How to Teach Your Dog to Talk With Buttons

Have you ever wondered what your dog is thinking or what they really want? Do you enjoy training your dog to do new tricks? Do you have to spell certain words because saying it gets your dog overexcited? Have you ever just wanted to have a talking dog?

(Image of Otter from whataboutbunny on Instagram)

(Image of Otter from whataboutbunny on Instagram)


These are just some of the reasons why people are choosing to teach their dog (or cat, horse, or other animal) to speak using programmable buttons. It takes patience and consistency, but providing your pup with a way to communicate with you is the best reward for your hard work.

How do you teach a dog to talk using buttons? Follow these steps.

Pre-Button Work

What are buttons, anyway? They’re recordable devices that play up to a 30-second recorded clip when pressed. You can start cheap with a package of 4 buttons on Amazon (just search for “recordable button”).

While you wait for your buttons to arrive - or before you commit to the purchase - there are things you can do to prepare for teaching your dog to talk.

(Image of Bunny from whataboutbunny on Instagram)

Talk to Your Dog

Just as you talk to babies and toddlers to help them learn language, speak to your dog as much as possible. Simplify your sentences, be consistent with word choice, and repeat the key word or phrase 4-5 times. For example: “Do you need to go POTTY? We can go POTTY. Let’s go POTTY now.”

Take Note of Words They Know

If you have to spell certain words in front of your dog, those are words you should start with! Even if your dog simply picks up their ears and looks at you when you say the word, it could be a good choice for a first word.

Think of words like “potty,” “outside,” “walk,” “play,” “hungry,” “food,” or “water.” Choose 1-3 high-value words to start with.

Decide Where to Put Buttons

You might put each button near the thing it represents to start with, or you may start with all the words in one place, like the living room. The buttons should be in a place where most of the family spends most of their time so somebody is likely to be around to react to a button push.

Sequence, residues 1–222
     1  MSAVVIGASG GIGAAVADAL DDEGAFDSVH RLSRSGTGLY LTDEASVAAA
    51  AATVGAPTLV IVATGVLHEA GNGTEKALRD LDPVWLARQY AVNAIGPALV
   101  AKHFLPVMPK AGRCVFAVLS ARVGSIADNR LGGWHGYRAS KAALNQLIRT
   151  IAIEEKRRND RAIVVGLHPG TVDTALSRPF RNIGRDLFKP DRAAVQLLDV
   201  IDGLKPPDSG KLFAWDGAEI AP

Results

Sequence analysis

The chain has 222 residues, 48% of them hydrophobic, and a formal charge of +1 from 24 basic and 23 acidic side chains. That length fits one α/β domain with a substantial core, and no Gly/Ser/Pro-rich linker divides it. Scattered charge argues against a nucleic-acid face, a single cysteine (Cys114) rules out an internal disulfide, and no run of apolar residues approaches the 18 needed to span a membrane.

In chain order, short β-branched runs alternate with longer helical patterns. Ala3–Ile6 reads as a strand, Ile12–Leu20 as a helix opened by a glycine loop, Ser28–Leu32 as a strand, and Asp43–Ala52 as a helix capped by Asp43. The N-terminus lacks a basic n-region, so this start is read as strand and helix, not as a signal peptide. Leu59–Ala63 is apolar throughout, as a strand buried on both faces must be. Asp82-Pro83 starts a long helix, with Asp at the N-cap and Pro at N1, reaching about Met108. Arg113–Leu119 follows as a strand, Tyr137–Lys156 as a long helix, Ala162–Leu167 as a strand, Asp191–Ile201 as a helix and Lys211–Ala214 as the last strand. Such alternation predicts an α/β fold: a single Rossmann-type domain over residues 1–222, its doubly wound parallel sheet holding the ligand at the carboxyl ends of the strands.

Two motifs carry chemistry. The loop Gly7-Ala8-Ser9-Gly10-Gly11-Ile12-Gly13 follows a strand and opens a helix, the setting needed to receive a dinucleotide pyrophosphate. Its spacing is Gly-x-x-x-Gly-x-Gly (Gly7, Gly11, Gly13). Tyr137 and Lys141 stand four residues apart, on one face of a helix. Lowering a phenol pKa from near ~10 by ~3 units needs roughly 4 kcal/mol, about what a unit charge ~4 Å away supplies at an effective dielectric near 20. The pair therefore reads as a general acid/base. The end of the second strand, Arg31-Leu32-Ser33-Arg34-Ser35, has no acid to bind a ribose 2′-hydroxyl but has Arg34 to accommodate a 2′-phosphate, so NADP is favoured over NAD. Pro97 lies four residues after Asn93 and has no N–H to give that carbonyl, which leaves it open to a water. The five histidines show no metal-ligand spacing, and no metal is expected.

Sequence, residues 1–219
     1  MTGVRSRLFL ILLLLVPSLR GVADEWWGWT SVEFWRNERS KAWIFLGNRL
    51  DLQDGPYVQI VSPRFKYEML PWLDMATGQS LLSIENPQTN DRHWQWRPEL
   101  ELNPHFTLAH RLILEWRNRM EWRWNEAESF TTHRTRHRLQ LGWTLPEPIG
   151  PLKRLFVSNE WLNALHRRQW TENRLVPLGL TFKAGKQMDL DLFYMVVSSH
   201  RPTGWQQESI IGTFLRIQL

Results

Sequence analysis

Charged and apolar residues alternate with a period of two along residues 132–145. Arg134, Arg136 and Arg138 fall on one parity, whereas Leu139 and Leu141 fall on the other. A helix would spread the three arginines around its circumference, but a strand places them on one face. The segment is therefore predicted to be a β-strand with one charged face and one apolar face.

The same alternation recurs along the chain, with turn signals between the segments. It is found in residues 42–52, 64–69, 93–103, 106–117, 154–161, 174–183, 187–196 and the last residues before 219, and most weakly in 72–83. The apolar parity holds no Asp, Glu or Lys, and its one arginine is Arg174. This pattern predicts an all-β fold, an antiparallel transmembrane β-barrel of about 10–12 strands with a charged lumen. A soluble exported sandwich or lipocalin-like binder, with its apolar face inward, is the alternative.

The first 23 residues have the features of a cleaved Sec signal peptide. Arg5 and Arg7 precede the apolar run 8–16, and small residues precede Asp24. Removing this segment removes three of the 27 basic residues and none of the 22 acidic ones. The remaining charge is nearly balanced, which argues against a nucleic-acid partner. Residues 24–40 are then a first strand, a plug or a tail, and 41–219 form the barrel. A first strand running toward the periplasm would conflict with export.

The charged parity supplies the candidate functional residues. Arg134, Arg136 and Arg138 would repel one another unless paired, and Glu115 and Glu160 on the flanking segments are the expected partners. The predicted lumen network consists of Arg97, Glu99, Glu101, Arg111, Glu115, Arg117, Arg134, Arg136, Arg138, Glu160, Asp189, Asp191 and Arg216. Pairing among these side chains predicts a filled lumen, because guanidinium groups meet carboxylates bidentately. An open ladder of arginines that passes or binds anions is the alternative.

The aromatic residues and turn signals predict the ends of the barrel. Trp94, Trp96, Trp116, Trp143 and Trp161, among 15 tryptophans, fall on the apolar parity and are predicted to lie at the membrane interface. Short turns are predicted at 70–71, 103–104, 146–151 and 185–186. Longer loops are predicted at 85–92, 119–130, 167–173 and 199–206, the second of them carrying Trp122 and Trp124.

Keep in mind that moving buttons after your dog learns them may set back their learning temporarily.

(Image of Stella from hunger4words on Instagram)

Target Training

Start by recording a nonsense word on one of the buttons. Reward your dog for looking at it, sniffing it, or getting close to it. When they’re comfortable around the button, you can use a “shake,” “high five,” or similar task to get your dog to hit the button, then reward them.

Use the Buttons

Now it’s time to pair each button with its meaning. Make sure to start with buttons where you can do the “thing” immediately after they press the button. Many trainers recommend not starting with a food word since it could lead to overfeeding or your dog thinking that any button press means they will get fed.

At first, you will be the one doing all the button pressing. Hit the button, say the word, then do the action. For example, when it’s time for a walk, you hit the “walk” button, say, “WALK. Let’s go for a WALK!” Then immediately put on their leash and take them for a walk.

Your dog may need to see you hitting the buttons for days, weeks, or even months before they start hitting the buttons themselves. Don’t force your dog to hit the buttons to get the thing they want, because it may turn what should be a fun task into an annoying chore for your dog.

(Image of Lexi from chellelexihusky on Instagram)

Practice, Patience, and Persistence

Once you start using the buttons, it’s just a matter of being consistent and patient. Always hit the appropriate button before doing the “thing,” talk to your dog as much as possible, and acknowledge any button presses - even if they’re accidental. In fact, accidental button presses are equivalent to a baby babbling and help your pup understand the meaning behind each word.

Whether your pooch only manages to learn “outside” or they build a vocabulary of dozens of words, teaching them to talk should be fun for both of you, so keep at it. Who knows - you might have the next Stella, Bunny, or Lexi!

(Here are some talking dog videos from some of the top talking dog IG accounts. I’ll let you decide if/how to screen shot or embed the videos or whatever:)

- (Hunger4Words, with Stella, the original talking dog!)

- (whatabout Bunny, featuring Bunny and Otter. Bunny’s owner created FluentPet buttons and tiles for talking dogs)

- (chellelexihusky, another great account)

- (thechattylab. Copper is another good talking dog.)

And, just for fun…

- (billispeaks, my favorite talking cat!)